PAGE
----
Divorce FAQ

Stepparent Adoption

The profile of the typical American family has changed over the years. With a divorce rate in the U.S. that continues to hover near 50 percent, second marriages are more common than they used to be. Many families include children who are not the biological children of one of the parent figures. Although the relationship between a stepparent and child can be just like the relationship between a biological parent and a child, it does not have the same legal status. In order to give a stepparent the same legal status, an adoption must occur.

The first question that may come to mind for a stepparent is, "Why do I want the legal status of a biological parent?" One of the most significant reasons for obtaining the legal status of a biological parent is that the stepparent can make important decisions for the child regarding healthcare, education and legal issues. Other reasons are: adoption can cement the emotional connection between the stepparent and child; adoption allows the child to inherit from the stepparent and his or her family as if the relationship were biological; and if the couple later divorces the stepparent has the right to seek visitation or custody rights.

In order for a stepparent to adopt a child, the stepparent must have the consent of the other biological parent (presumably, the parent that he or she is married to will not object). If the biological parent does not consent then the stepparent will only be able to adopt if the other biological parent's rights are terminated. The grounds upon which a person's parental rights can be terminated vary by state but generally they can be terminated for willful failure to support the child, abandonment or unfitness to parent. Termination of parental rights is not something that is done lightly.

In a case involving a biological father's rights, there are some alternate ways to achieve termination of his parental rights. The man is normally presumed by law to be the father of the child if he is married to the mother at the time of the birth. Therefore, if the man is not married to the mother at the time of the birth then his legal status as the father must be shown in other ways. States can have other criteria that raise a presumption of fatherhood, such as marrying the mother after the birth of the child and being named as the father on the birth certificate. When there is no legal presumption of fatherhood the rights of the alleged father are easier to terminate.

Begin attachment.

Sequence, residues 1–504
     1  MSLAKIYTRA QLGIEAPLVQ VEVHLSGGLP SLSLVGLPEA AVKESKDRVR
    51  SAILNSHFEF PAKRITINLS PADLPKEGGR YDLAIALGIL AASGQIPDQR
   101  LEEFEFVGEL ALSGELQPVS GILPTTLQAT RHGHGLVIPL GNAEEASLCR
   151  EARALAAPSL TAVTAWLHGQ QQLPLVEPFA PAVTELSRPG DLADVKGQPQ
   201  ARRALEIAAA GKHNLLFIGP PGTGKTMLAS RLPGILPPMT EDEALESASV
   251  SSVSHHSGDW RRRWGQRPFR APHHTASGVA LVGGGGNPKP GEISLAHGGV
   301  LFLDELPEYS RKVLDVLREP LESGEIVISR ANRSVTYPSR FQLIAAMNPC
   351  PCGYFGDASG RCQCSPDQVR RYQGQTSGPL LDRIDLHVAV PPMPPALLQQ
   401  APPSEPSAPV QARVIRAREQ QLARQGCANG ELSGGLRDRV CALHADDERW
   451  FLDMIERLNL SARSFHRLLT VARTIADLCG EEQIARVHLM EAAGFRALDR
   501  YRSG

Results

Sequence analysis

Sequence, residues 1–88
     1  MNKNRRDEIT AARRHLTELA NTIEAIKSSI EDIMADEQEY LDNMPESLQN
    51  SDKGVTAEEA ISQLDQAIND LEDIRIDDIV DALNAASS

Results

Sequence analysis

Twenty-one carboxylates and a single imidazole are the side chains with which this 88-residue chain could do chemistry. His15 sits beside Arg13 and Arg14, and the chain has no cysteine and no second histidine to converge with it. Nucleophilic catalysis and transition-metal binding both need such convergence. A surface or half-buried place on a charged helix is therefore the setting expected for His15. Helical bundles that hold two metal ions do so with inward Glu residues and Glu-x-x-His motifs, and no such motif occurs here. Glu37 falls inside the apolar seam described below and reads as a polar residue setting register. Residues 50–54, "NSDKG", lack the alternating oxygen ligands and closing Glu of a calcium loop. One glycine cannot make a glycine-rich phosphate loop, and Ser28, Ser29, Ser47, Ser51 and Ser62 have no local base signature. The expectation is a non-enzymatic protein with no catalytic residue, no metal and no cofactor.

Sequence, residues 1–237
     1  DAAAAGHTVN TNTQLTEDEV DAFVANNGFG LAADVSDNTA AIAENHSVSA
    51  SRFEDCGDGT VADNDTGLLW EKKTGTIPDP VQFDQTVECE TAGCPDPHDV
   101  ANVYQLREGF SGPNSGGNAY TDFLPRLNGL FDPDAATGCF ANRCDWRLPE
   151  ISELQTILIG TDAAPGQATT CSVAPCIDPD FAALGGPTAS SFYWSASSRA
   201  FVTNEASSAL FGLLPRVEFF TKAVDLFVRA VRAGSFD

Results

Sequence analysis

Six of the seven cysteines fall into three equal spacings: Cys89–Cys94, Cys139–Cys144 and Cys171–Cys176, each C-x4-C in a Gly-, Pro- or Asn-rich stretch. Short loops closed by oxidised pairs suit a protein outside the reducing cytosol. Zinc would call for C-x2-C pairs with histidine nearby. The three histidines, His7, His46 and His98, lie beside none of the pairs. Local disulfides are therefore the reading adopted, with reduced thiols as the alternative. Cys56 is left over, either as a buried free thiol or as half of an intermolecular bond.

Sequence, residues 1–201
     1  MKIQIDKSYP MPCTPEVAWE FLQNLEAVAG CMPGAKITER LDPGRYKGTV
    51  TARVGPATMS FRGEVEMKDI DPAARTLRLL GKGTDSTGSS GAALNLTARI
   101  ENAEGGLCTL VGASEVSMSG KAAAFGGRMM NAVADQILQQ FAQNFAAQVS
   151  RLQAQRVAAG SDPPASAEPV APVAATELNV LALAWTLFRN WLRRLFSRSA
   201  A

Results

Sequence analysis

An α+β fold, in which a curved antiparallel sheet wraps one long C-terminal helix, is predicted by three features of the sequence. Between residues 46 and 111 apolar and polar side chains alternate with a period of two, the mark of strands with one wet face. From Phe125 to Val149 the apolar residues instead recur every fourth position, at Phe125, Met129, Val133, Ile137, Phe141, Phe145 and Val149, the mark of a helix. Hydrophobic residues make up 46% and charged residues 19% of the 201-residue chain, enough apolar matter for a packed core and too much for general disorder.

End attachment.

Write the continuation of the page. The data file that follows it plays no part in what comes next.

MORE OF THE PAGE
Termination of the biological parent's parental rights means that the biological parent gives up the right to visitation and to make decisions regarding the welfare of the child. This is a lot to ask from a biological parent who is involved in the life of the child. Adoption by a stepparent may be better suited for situations where the other biological parent is absent or is unfit. Termination of parental rights also cuts off certain obligations. For example, the biological parent would no longer be required to make child-support payments once his or her parental rights are terminated.

The key considerations in a stepparent adoption are the level of involvement of the other biological parent, how important it is that the stepparent have legal guardianship over the child (the right to make decisions) and the emotional impact on the child. Sometimes adoption is not necessary to accomplish what a parent and stepparent want to accomplish. The parent and stepparent should discuss their goals with an attorney to see if adoption is the best way to achieve them.

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